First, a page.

At the Bernie Sanders' rally in the Bronx, N.Y., on Thursday, 15,000 Americans of all backgrounds came out to show support for the Vermont senator.
Throughout the rally, Sanders, Rosario Dawson, Spike Lee, and Residente all spoke about voter turnout and re-engaging Americans who feel disenfranchised. But this election season, American's political interests go across party lines.
Photo: Isaac Saul
"I've always been a political person but it's definitely more mainstream now than it has been since Obama ran," 26-year-old Jake Friedman, a Cornell graduate, told A Plus.
A Pew research poll backs up Friedman's feeling. It found that in December, 69 percent of Americans said they had watched the presidential debates this fall. That number is way up from the last contested nomination in December of 2007, when only 43 percent said they were watching the debates. Two-thirds (67 percent) describe this presidential campaign as interesting, compared to the 2012 and 2008 campaigns, which were 36 percent and 37 percent, respectively.
Photo: Isaac Saul
"This is kind of like [George] McGovern, the youth, the invigorating feelings, the electric feeling we have," 64-year-old James Giannone said. "I'm proud that my generation at the time helped to bring an end to the Vietnam War, and this is reminiscent of that time and feeling, people coming together."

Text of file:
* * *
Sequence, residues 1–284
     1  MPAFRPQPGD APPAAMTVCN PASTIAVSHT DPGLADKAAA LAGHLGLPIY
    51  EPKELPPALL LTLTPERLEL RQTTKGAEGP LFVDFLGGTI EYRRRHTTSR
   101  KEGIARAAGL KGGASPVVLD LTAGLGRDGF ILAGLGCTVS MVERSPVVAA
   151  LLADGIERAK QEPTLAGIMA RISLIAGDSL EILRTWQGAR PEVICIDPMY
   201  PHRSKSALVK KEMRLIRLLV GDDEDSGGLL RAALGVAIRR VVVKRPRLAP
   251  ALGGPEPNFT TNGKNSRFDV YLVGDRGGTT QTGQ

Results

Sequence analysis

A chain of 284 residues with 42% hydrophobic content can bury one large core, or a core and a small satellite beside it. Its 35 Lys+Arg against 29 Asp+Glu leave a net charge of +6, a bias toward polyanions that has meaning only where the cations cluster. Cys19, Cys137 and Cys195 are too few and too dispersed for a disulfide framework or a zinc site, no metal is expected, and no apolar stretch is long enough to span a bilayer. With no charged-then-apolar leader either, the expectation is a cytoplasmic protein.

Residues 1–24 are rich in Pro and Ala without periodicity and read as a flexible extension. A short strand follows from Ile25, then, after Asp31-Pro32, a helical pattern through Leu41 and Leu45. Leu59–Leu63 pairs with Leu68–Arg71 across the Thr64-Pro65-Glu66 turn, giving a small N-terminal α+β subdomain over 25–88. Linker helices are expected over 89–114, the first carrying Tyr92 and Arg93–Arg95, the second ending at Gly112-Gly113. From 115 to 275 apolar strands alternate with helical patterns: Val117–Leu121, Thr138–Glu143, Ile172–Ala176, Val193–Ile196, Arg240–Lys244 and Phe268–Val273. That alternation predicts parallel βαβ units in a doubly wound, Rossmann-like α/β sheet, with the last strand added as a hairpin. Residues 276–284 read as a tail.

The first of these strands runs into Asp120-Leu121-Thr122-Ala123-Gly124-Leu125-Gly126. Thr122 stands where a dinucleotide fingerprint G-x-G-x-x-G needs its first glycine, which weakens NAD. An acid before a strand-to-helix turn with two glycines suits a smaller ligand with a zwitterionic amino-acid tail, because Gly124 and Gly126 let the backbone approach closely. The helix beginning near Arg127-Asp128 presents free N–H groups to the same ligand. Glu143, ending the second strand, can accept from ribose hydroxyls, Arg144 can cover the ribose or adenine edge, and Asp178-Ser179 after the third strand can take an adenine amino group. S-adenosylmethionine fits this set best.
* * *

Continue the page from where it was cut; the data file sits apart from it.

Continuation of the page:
Although voter turnout means little about which party will win the election, it's not just Sanders drawing huge crowds or engaging voters. About 1.2 million Republican voters came out for the GOP contests in Iowa, New Hampshire, and South Carolina, an increase of 24 percent since 2012. Overall, Republican turnout is up more than 50 percent from 2008 and 2012, something Donald Trump has taken credit for.
Regardless of your political standing, one thing is clear: this election seems to mean more to people than elections of recent memory, and that's a good thing for democracy.
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